Wasting Time on the People who won’t Get it

by | May 16, 2024

In the past two weeks, there have been two incidents with dogs and their owners. They have not ended well.

In fact, they made me so irate that my Whoop fitness tracker thought I was in Zone 5 (that’s like full exertion). At one point, mid-confrontation, it started buzzing informing me I hit my strain goal for the day.

I’ll keep the recaps brief as not to tap out my Whoop again.

The first moment came when I was sitting with my eyes closed right after sunrise, getting my chi on, when I heard a commotion and then felt a wet furry dog hop off my back. I looked up to find its owner, casually strolling along, not a care in the world. I approached and let her know that, “Your dog just scared the crap out of me! The rules say your dog has to be on a leash! Put your dog on a leash!” Her response was to put her fingers in her ears and say “la la la la la la la la.” FYI, she was 50+ years old so a mature response.

The second incident went down walking along with Steve, AirPods in doing a little keynote rehearsal when a dog ran up between Steve and me and scared the crap out of me. He nipped at Steve in a quasi-playful way as I recovered from my heart palpitations and looked around for his owner. He was up about 100 yards on his electric bike, waiting for his dog to return. When I let him know his dog needed to be on a leash, he said, “He is,” and arrogantly crossed his arms across his chest, all proud pointing to the leash attached to the dog’s harness. He missed the part that the other end of the leash needed to be in his hand.

Both back-and-forths went on for a bit, me citing rules and them calling me names that took my breath away. NGL what the dude called me had me in tears. I walked home 8 blocks sans flip-flops because I just wanted to get off the beach and away from him, so I took the road home, tears streaming, crows squawking. Still.

There’s a cycle to these events.

  • I feel bad for getting so angry and losing my temper and yelling, “Follow the rules!”
  • Then I think, well if they just followed the rules and kept their dogs on a leash, we wouldn’t have these problems.
  • or if they remotely apologized or took ownership of their crazy dogs when they jumped on people or scared people.
  • Then I think how every time this happened (there’s been more than these two), I probably get to Zone 5 because I am in chill mode at the beach, and when a dog jumps on you, IT SCARES THE CRAP OUT OF YOU, so of course you’re going to come out swinging!
  • Then, I go back to what I could have done differently. How could I have handled the situation better? Which normally leads to an equal YOU WERE RIGHT, ERIN, to YOU WERE WRONG, ERIN, and around and around then down the drain we go.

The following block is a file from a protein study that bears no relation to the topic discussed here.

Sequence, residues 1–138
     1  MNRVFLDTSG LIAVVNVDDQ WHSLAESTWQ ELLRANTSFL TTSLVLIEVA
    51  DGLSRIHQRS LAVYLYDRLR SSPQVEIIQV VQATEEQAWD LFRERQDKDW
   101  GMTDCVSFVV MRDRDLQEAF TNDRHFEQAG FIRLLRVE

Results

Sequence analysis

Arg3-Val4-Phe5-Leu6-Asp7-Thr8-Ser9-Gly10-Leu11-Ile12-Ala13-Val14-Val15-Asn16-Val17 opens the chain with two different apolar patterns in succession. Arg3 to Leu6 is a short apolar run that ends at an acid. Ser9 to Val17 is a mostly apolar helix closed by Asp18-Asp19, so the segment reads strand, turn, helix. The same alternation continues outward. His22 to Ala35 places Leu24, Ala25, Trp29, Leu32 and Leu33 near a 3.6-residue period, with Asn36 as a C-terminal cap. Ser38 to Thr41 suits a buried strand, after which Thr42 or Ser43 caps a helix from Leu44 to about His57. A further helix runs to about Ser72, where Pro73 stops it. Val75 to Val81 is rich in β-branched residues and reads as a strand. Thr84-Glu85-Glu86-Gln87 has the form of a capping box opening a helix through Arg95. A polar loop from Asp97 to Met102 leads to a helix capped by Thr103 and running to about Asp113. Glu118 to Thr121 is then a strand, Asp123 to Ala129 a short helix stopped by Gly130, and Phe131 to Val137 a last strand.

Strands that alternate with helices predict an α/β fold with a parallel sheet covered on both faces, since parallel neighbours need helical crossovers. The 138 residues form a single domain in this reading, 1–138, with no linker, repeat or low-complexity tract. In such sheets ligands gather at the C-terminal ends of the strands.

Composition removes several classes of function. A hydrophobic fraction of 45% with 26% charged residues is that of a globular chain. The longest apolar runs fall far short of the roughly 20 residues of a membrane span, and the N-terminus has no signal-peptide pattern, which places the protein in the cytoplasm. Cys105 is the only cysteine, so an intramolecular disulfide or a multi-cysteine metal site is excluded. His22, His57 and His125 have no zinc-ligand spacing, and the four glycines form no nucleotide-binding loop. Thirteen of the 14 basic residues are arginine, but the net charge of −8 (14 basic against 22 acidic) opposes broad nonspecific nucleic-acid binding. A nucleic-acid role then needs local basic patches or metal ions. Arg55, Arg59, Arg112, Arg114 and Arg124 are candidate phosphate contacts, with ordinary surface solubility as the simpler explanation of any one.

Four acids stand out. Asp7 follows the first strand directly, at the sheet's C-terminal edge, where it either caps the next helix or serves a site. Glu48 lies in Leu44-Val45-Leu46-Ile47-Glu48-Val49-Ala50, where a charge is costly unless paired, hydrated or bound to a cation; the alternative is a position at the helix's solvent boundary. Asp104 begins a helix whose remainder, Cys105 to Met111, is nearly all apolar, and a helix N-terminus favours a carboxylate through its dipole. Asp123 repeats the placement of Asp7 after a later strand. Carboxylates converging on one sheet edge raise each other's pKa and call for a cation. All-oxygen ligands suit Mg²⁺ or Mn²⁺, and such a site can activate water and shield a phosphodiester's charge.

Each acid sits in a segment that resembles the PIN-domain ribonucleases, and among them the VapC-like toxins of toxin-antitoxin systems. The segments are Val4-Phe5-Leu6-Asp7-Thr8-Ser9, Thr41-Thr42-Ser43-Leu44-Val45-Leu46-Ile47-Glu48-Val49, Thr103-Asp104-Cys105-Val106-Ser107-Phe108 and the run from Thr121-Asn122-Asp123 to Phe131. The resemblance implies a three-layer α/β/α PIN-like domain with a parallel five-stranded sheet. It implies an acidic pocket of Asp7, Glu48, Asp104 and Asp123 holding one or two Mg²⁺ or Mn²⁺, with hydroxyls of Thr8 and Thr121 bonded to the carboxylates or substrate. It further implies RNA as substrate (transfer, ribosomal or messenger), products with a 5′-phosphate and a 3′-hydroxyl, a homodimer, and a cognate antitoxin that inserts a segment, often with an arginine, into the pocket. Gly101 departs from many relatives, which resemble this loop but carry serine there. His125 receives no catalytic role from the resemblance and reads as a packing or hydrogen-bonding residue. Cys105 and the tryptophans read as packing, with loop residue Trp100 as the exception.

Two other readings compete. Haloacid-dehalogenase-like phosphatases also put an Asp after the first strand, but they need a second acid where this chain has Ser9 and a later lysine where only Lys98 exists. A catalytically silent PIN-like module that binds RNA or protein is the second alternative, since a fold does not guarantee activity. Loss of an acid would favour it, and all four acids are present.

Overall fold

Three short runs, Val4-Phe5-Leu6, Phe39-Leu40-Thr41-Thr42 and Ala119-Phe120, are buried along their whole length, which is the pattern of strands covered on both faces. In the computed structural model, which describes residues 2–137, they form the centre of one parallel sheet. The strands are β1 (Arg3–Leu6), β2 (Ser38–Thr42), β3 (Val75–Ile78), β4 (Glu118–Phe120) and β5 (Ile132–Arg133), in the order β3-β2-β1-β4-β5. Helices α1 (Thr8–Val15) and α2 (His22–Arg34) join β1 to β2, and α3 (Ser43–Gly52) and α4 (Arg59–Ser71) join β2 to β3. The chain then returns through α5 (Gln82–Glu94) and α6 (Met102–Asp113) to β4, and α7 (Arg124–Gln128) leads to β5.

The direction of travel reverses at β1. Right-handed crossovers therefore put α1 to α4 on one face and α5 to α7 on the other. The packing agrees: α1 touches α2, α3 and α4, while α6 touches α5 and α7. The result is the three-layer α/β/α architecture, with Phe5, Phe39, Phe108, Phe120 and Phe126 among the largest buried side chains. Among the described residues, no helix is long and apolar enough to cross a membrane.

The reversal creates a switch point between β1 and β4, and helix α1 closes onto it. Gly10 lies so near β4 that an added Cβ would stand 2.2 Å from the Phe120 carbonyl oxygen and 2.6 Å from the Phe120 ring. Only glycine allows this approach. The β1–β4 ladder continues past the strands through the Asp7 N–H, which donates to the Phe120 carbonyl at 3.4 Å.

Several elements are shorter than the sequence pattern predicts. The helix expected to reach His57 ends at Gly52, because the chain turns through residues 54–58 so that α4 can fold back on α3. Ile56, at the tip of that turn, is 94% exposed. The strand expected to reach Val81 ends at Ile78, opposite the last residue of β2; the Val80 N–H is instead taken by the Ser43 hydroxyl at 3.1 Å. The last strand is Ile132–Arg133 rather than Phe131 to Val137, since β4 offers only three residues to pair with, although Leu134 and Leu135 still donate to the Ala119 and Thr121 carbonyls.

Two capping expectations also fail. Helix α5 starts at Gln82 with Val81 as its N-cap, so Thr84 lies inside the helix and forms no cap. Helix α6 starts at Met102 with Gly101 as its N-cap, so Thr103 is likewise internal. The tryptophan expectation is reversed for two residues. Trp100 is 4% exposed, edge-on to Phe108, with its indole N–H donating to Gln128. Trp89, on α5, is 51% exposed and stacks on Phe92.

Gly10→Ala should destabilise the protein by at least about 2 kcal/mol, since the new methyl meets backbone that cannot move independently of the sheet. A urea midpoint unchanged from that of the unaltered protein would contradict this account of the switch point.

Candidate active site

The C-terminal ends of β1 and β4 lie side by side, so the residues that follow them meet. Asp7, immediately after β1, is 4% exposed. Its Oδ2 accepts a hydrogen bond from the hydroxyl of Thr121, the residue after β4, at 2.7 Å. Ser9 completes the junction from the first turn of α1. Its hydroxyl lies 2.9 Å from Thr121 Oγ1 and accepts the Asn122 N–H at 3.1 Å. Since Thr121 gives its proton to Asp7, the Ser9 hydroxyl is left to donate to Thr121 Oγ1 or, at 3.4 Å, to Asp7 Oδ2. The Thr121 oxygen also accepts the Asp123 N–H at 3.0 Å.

This morning, as I walked to yoga because chi alignment was clearly necessary, I realized I had to break the cycle. Going forward, the cycle I will break is me saying anything to these people.

The next time a dog jumps on me, I’m just going to count backward from 100.  I’m going to close my eyes and breathe. And not say a word.

Why? Because it won’t matter. They have no sense of responsibility. They don’t think the rules apply to them. They are not going to become responsible dog owners with some lady yelling, “Follow the rules!” at them. They don’t care. They think they’re the exceptions to the rule. They’re entitled thinking allows them to believe their dog is “cute,” so they can get away with it. Or the guy that said, “Oh, no big deal, he’s got good vibes,” after another mid-meditation pooch pouncing.

Fact: they are wrong. Fact: they are not following the rules. Fact: It is scary to have a dog jump on you, cute or not.

What I realized on my mat today is that I’m never going to get anywhere with them. I am bringing on more frustration and high blood pressure by thinking anything I say will make a difference. I’m getting all worked up over them, and I am doubling down on my stress.

I can’t control the dogs or their asshole owners.

I can control not responding and not giving them a once over.

Think of the cycle of conversations you have with your colleagues or members of your team. There are times to give feedback to your team. There are times to coach your team. There are times to look at people on your team and ask if these people are even coachable. Are these people even worth my energy? Is there even a point to them being here? Is there even a point in me wasting my breath?

If you notice a cycle of your own when it comes to these types of relationships, take ownership and remove yourself from the cycle. Some people don’t want to hear it. Some people refuse to hear it. Some people don’t think they have blind spots. (They do.) Some people will double down on following the rules… but just enough to suit them without honoring the spirit of the rule.

Remove yourself from the cycle. There are plenty of other people — and cute, leashed dogs — who deserve your energy and attention.


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